The end of the lens is sometimes only an inch or so from the subject. I used the flash in manual mode on the camera for these shots, and added a small reflector to bounce the light downward more. The flash gives you a nice amount of light that allows you to use a good fstop to get more in focus. Used with a tripod or monopod, you can get great results.

This is my simple setup, a plastic lens bounce gadget with 50mm lens and small extension tube:

Jos owns and operates a photographic and picture framing shop in Whakatane. For more information, see his website at Jos's Photography.


One picture of you, and no more

by Giovanni Tiso

Reblogged with kind permission from Bat, Bean, Beam.

It was taking me so long to draft an obituary of my beloved Alain Resnais for Overland that I re-watched some of his films, in search of inspiration. That’s how I was reminded of the scene in Last Year at Marienbad in which Delphine Seyrig’s character wanders down a corridor and finds inside a desk drawer hundreds of identical pictures of herself.

In the context of the film, the pictures signify Seyrig’s inability to find external evidence of her past that isn’t frustratingly ambiguous or elusive. As a stranger tries to persuade her that they used to be lovers, her only defence is that she can’t remember him, and it gets progressively weaker.

I had forgotten about this brief scene, and I’m struck anew by that image. A single picture, but in an indefinite, infinitely multiplying number of copies. It’s hard not to think of how digital images circulate on the web, or are stored and backed up in the cloud. Conversely, there is nothing so culturally alien to the present time as the idea that there may be only one picture of any one of us.

In my dissertation I drew a contrast between Winston Churchill, whose life was documented in minute detail form the moment of birth, including a great deal of photographs, and my maternal grandmother, of whom there was only one picture before the age of fifty. This one.

Nonna was sixteen at the time, and pregnant with her first child. The picture is so worn because my grandfather took it with him on his military service. I suspect that this was in fact the reason why the picture was taken.

That there is virtually no visual record of my grandmother until her daughter’s wedding, and a very sparse one since, is in no way unusual. It’s not just that cameras and films were still expensive until the 1960s. It's also that the lives of working class people – and women especially – were not deemed worthy of documentation. Nonna shared in this reticence, and was always reluctant to have her picture taken. In the one we selected for her tombstone she looks like she’s saying: ‘Why are you doing this?’

It hardly bears pointing out that we have collectively moved past such prejudice and misgivings, and that most people are as keen to self-document as the state and corporations are to document them, regardless of class – and when it comes to a visual record, even more so. (This at least in Western countries, and probably outside of them as well.) It’s also trite and boring to speculate whether we may be taking and sharing too many pictures, creating a surplus of description that impoverishes each individual image. Which, to the extent that it may be true, is most often meant as a critique of other people’s behaviour, and seldom reflexively, to question the roots of that desire to see oneself socially immortalised.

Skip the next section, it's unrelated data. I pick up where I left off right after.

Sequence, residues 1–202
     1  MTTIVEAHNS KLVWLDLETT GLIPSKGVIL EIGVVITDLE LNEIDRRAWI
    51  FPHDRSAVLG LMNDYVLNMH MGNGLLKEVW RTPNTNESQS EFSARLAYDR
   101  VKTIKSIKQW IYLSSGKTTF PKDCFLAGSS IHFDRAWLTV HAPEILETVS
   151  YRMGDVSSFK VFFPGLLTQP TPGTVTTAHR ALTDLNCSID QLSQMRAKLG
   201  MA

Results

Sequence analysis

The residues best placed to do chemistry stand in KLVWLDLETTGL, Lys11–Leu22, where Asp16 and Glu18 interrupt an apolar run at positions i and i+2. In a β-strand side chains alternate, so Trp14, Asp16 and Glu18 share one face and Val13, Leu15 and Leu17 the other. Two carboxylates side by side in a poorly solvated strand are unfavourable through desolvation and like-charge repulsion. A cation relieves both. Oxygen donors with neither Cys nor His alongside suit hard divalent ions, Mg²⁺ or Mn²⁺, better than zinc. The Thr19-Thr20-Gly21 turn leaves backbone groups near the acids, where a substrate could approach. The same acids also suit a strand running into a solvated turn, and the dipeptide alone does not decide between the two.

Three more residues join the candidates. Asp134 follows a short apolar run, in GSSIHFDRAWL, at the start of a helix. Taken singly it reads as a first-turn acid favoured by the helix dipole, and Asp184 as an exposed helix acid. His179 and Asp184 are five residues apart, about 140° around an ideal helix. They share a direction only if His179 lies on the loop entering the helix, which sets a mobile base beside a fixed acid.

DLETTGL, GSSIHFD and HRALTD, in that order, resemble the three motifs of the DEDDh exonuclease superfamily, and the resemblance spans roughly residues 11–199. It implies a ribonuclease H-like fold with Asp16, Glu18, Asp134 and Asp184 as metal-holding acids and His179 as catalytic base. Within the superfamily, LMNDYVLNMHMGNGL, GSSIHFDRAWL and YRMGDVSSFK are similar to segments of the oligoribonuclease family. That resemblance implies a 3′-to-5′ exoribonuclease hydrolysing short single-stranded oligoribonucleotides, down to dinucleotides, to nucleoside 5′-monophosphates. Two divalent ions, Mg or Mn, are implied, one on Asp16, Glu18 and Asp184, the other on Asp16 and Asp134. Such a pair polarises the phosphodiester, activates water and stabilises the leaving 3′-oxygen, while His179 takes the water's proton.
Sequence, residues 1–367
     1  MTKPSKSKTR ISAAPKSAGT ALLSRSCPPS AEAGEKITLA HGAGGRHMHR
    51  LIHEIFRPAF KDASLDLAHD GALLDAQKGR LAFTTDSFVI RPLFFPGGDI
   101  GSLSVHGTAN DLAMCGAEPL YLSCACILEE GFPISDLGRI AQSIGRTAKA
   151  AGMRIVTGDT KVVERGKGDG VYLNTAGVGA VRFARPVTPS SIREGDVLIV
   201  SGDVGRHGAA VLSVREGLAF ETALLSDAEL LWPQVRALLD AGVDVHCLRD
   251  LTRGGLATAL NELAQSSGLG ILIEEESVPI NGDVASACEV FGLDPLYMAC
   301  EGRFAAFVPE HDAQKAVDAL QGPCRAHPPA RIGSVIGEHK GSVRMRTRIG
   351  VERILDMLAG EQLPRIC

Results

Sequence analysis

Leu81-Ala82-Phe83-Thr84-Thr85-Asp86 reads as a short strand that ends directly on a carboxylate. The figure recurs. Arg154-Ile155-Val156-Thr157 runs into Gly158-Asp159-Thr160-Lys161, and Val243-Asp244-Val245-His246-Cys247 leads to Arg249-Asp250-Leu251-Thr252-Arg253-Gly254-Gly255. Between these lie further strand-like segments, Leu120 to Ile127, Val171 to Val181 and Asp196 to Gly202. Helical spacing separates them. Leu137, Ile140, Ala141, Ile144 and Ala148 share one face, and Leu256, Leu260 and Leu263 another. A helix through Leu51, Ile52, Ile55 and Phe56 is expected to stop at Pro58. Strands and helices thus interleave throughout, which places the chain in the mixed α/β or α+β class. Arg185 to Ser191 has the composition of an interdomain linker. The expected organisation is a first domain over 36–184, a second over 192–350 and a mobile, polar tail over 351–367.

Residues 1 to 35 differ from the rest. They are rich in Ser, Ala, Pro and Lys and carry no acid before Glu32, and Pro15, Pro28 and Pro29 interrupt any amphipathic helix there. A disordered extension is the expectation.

But I wanted to turn that question around this week, starting from the arresting image of a drawer full of the same photograph. What if you were forced – due to a material constraint that is pretty well unthinkable – to pare down your personal visual archive to a single picture? Which one would you choose? How would you operate that selection? What would that picture come to mean to you, and could you bear to let go of the others?

Let's say it has to be a photo of you, not to make it a question of who else is involved, or fulfil their own quota of one. And if it has to be a photo of me, it would probably have to be any one from the set which included the one below. So let's say this one.

It was taken on a Sunday afternoon, in 1975. I know it was a Sunday, because my father worked on Saturdays and we had guests that day. The photographer was a friend of the family who died just a few weeks ago. There are few photos of him, because he was always the one behind the camera. And he stopped doing it, eventually. He had grown tired of friends using his portraits for their tombstones.

I am attached to this picture because there aren't very many of me as a child, and because I can see bits of the house in which I was born, and how little it has changed (I spoke about this before). Except for the armchair, that I destroyed by jumping on it repeatedly. Were it the only picture of me, I think I could live with that. It would speak to me of another life.

To have a single portrait of oneself means to have one more than almost all of the people in almost all of history. But wouldn't that image become an obsession? What if you forgot everything about your life except the context of that one picture? Or remembered everything, except for that. You are sitting in the garden of a wealthy estate, on a sunny day, not far from a statue of which we can only see the plinth and legs. You seem to be happy. You just don't know why, or who the person in the picture is.